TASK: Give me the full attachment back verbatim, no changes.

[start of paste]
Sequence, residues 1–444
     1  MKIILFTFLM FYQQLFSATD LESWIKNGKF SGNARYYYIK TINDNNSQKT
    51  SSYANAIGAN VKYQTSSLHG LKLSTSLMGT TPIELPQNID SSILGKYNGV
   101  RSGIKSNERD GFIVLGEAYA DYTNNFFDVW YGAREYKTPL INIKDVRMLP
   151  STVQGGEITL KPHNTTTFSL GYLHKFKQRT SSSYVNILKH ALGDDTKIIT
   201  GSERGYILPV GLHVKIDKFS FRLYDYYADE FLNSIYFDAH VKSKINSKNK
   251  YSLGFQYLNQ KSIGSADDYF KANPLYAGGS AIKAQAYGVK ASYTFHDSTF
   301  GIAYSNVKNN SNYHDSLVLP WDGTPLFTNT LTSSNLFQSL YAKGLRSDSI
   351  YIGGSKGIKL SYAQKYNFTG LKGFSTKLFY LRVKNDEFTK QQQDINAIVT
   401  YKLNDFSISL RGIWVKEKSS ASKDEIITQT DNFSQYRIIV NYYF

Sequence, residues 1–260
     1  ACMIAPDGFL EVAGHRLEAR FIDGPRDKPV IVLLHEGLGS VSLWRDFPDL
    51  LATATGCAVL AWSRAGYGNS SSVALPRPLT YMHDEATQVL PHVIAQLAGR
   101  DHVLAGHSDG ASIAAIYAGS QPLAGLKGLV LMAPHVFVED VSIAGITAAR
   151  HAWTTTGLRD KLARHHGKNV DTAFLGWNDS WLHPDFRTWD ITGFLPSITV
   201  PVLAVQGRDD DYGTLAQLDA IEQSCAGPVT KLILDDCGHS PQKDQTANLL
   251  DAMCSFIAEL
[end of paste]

Sequence, residues 1–444
     1  MKIILFTFLM FYQQLFSATD LESWIKNGKF SGNARYYYIK TINDNNSQKT
    51  SSYANAIGAN VKYQTSSLHG LKLSTSLMGT TPIELPQNID SSILGKYNGV
   101  RSGIKSNERD GFIVLGEAYA DYTNNFFDVW YGAREYKTPL INIKDVRMLP
   151  STVQGGEITL KPHNTTTFSL GYLHKFKQRT SSSYVNILKH ALGDDTKIIT
   201  GSERGYILPV GLHVKIDKFS FRLYDYYADE FLNSIYFDAH VKSKINSKNK
   251  YSLGFQYLNQ KSIGSADDYF KANPLYAGGS AIKAQAYGVK ASYTFHDSTF
   301  GIAYSNVKNN SNYHDSLVLP WDGTPLFTNT LTSSNLFQSL YAKGLRSDSI
   351  YIGGSKGIKL SYAQKYNFTG LKGFSTKLFY LRVKNDEFTK QQQDINAIVT
   401  YKLNDFSISL RGIWVKEKSS ASKDEIITQT DNFSQYRIIV NYYF

Sequence, residues 1–260
     1  ACMIAPDGFL EVAGHRLEAR FIDGPRDKPV IVLLHEGLGS VSLWRDFPDL
    51  LATATGCAVL AWSRAGYGNS SSVALPRPLT YMHDEATQVL PHVIAQLAGR
   101  DHVLAGHSDG ASIAAIYAGS QPLAGLKGLV LMAPHVFVED VSIAGITAAR
   151  HAWTTTGLRD KLARHHGKNV DTAFLGWNDS WLHPDFRTWD ITGFLPSITV
   201  PVLAVQGRDD DYGTLAQLDA IEQSCAGPVT KLILDDCGHS PQKDQTANLL
   251  DAMCSFIAEL